My gripe with declarations that ethics/politics precedes ontology (or whatever else) is that often they lead to very lazy thinking. If you want to reject Luhmann then you don’t denounce him for the politics you believe follows from his position (that has nothing to do with what society is), but rather you do the hard work of determining whether or not he’s provided an adequate account of society. Just as an is cannot determine an ought, and ought cannot determine an is. It works both ways. The problem is that everywhere we see people making arguments where oughts purport to determine what is. Second, if it cannot be shown that Luhmann or Latour’s theory of society is inadequate, then you go about doing the work of determining how we must rethink our political and ethical thought in light of these realities.
Chris goes on to write that:
Now, I realize that this is not at all what Levi had in mind: “The point is not that frogs and people are of equal concerns to ethical thought. In fact, the point is not about ethics at all.” Ok, the point FOR YOU, Levi, isn’t about ethics at all. I must say, Levi, it really is annoying to me when you argue ex cathedra when speaking for OOO, or say I or others ‘don’t understand’ when we see things differently. I mean, you can say whatever you want, but don’t you, as the proverb (!) goes, ‘win more flies with honey than with vinegar’?
Such a form of arguing seems to imply that there’s a right and a wrong way to see these things. Now I can understand the desire to at least try to ‘get right’ what someone is trying to say before disagreeing with it. But I think its often subtly implied that there’s a right way, and its the OOO way, and those who have a different opinion simply just don’t understand it yet.
I’m sorry that Chris has problems with the way I argue, but the fact remains that when I evoke the term “flat ontology” that has a specific meaning. Chris’s remarks about flat ontology and suggestion that I was proposing to treat frogs and persons exactly the same with respect to ethics and politics reflects that he does not understand what I am claiming when I deploy the concept of flat ontology. It is therefore incumbent upon me to clarify what this term means. As for Chris’s remarks about right and wrong ways of saying, I can only plead that I’m a philosopher and that as a philosopher I believe that there are things that are true and that there are things that are false. When I defend onticology I am not merely defending a “point of view” but a description I believe to be true of the world. That’s just par for the course in these discussions. I have no problem with Vitale having different questions and interests. That’s fine. But that doesn’t entail, I think, that all models of the world are equally valid or true.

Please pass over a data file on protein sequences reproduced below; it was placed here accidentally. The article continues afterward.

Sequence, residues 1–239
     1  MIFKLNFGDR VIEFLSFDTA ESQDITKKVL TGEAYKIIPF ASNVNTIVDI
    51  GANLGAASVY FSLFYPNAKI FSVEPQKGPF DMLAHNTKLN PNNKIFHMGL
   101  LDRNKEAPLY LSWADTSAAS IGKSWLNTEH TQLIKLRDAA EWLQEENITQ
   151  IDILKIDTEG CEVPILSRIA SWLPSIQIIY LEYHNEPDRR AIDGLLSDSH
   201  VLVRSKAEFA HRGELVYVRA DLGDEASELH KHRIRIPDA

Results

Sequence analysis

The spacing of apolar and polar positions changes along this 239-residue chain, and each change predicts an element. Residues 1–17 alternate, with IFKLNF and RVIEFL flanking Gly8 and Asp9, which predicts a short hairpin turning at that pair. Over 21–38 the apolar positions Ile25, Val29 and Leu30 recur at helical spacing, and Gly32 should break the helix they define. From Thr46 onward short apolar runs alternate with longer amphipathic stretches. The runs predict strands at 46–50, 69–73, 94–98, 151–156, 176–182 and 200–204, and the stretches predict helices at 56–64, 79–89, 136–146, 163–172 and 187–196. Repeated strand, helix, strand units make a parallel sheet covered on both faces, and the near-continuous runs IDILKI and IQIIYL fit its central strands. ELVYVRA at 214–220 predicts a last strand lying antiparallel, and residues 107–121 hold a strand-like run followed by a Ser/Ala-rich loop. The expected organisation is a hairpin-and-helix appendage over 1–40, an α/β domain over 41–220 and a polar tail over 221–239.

If Vitale has a different account of what flat ontology is, I’m all ears. However, I was under the impression that were were discussing a concept that I coined and have developed. When I make observations about Vitale misunderstanding flat ontology, I am not making claims about Deleuze’s concept of immanence or DeLanda’s concept of flat ontology, but a specific set of philosophical claims I have made. When Vitale evoked the concept of flat ontology in the context of SR, I concluded that he must be referring to me, because I am the only person in the SR movement that has deployed and developed this concept. I know Bogost is sympathetic to it, but I’m not even sure Harman endorses it. He has, after all, expressed reservations about it in the past. In this connection, flat ontology is kinda my thang.
Back to ethics. I think that the only reason for having a flat ontology over any other is ethical. And I don’t think you can separate ontology, epistemology, aesthetics, and ethics – yes, for practical purposes they may be distinct, but each implies the other when it comes down to it.
But this gets straight to the point of what I began with this post. Flat ontology has nothing to do with whatever ethical or political commitments one might have, or with what sort of world one might strive for. Flat ontology is a matter of how the world is. And if the claims of flat ontology are true, they are true whether or not we think positive or negative ethical consequences follow from these claims and even whether or not humans exist to make evaluations of such things. Suggesting otherwise is a bit like suggesting that the BP oil spill is not continuing because we don’t like the ethical or political consequences that follow from these things. Could it be that certain political and ethical motivations were involved in my inquiry into being and conclusion that being is “flat”. Sure. Do these political and ethical motivations have anything to do with whether being is flat. Absolutely not. This is part and parcel of what it means to be a realist. What being is is not dependent on you or me. We don’t make being be what it is through our concepts, signs, discourses, narratives, ethical, or political commitments. Finally, could I be mistaken about whether or not being is “flat”? Sure. But if you wish to demonstrate this you need to make an argument that pertains to the nature of being, not your ethical and political commitments. Apples and oranges. I believe that I’ve made copius arguments in favor of my positions.